Olivier is a French aristocrat, the traumatized child of survivors of the Revolution.
Parrot is the son of an itinerant printer who always wanted to be an artist but has ended up a servant.
Born on different sides of history, their lives will be brought together by their travels in America. When Olivier sets sail for the New World, ostensibly to study its prisons but in reality to save his neck from one more revolution - Parrot is sent with him, as spy, protector, foe, and foil.
As the narrative shifts between the perspectives of Parrot and Olivier, and their picaresque travels together and apart - in love and politics, prisons, and the world of art - Peter Carey explores the adventure of American democracy, in theory and in practice, with dazzling wit and inventiveness.
©2010 Peter Carey (P)2010 WF Howes Ltd
I listen nearly every day whilst painting, fife scotland
Yes I would, it is just so good. A brilliant storyteller, it has wit, and a great pace. One you should at least try.
I liked both Parrot and Olivier, all the characters are so well written,
I liked the fire in england best, great imagination and I felt I was there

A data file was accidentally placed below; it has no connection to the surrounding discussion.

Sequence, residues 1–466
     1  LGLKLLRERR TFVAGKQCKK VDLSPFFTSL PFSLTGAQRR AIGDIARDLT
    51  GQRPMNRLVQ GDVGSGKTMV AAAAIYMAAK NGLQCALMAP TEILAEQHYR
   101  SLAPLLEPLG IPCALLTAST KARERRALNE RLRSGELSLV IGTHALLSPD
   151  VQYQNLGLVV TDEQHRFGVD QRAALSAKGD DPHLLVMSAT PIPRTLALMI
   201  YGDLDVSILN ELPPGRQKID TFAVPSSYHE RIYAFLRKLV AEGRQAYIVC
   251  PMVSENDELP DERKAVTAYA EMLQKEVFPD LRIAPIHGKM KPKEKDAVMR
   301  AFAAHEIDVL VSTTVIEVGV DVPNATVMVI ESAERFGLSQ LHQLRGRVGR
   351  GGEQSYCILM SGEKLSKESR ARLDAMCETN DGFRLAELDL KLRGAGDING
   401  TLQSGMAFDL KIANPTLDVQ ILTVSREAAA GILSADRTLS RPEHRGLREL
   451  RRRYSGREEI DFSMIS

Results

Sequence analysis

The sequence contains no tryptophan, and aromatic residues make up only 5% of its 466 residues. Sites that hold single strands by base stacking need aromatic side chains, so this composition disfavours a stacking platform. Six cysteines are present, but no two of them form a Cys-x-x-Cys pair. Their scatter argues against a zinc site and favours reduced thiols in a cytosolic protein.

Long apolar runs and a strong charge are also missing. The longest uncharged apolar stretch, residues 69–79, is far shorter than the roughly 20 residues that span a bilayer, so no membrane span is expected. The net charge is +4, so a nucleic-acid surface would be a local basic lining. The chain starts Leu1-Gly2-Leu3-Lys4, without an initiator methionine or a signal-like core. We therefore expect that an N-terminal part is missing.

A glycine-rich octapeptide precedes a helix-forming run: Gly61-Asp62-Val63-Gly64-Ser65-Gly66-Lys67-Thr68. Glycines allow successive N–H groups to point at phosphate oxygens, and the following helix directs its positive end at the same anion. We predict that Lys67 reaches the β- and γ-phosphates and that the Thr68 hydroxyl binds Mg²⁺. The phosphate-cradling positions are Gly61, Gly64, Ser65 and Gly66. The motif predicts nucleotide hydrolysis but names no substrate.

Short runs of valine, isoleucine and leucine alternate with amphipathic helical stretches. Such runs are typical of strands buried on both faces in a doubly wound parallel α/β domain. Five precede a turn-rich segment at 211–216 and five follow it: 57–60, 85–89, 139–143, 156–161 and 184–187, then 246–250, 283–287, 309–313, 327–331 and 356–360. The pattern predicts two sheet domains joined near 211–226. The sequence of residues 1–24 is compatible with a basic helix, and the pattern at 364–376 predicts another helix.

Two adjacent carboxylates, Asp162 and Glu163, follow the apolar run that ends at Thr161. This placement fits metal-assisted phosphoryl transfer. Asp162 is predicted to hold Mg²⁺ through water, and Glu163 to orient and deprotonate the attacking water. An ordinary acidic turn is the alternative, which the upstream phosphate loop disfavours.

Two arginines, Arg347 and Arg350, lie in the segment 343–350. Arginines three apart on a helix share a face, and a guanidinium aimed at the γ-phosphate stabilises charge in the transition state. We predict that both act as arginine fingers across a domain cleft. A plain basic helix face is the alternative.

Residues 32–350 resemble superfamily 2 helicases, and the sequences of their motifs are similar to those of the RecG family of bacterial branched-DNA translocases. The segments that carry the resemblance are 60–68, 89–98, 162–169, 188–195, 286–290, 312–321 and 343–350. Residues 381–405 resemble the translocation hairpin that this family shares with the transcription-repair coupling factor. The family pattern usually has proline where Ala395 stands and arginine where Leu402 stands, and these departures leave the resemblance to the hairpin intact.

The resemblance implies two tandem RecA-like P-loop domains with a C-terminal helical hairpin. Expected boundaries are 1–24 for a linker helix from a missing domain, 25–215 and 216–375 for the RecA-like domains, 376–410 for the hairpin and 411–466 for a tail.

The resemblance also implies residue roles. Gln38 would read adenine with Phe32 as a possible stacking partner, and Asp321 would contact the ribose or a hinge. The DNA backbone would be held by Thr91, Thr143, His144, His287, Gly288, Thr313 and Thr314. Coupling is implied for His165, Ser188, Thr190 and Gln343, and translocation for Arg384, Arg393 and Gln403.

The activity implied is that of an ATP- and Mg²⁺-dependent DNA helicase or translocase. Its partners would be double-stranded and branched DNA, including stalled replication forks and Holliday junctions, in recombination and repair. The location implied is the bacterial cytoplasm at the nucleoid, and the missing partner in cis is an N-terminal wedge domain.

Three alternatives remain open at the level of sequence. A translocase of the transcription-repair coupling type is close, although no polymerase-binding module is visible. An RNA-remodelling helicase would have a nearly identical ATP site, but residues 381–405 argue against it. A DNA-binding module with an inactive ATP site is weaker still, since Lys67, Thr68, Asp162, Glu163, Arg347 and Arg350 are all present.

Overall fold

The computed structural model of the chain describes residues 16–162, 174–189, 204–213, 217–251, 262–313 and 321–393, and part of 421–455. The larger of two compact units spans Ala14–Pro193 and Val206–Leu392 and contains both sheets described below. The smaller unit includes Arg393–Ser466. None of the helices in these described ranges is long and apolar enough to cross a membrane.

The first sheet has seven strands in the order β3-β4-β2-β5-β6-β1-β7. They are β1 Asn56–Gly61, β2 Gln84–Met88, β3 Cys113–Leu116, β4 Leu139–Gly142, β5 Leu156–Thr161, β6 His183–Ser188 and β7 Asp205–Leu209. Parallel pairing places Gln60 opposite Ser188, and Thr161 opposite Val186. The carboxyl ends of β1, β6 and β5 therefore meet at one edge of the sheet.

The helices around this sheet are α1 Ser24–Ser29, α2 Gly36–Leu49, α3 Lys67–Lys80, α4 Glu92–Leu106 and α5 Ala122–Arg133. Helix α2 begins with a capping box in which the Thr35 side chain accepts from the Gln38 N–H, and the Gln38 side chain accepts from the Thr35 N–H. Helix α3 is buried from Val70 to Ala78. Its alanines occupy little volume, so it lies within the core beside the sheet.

I have loved Peter Carey books for a long time, but this is my favorite , it made me feel apart of the story.
I f you have liked any of Peter Carey's others books this one is well worth listening to.
The French revolution.How America & New York started, cleverly using the old world to see the development of the new world.
Peter Carey is known as one of the best current literary authors. In this book he applies himself to the tumultuous events which took place in France after the first revolution and echoes it with the post revolutionary events in America. An interesting contract, so too the characters: a nobleman (who is rather blunt) and his servant (who is rather sharp). Through various trials and tribulations the pair of them reveal their true worth, character and opinions. There are many twists in this tale and I think it is perfectly summarised in the final chapter where the nobleman declares his doubt that anything truly artistic could flourish in a democracy.
It is interesting and well written, but not profound; which is what I would have expected from Carey. The narrators are brilliant (there is one each for the servant and the nobleman). It is a lengthy listen and worth it if you have exhausted all Carey's other treasures.
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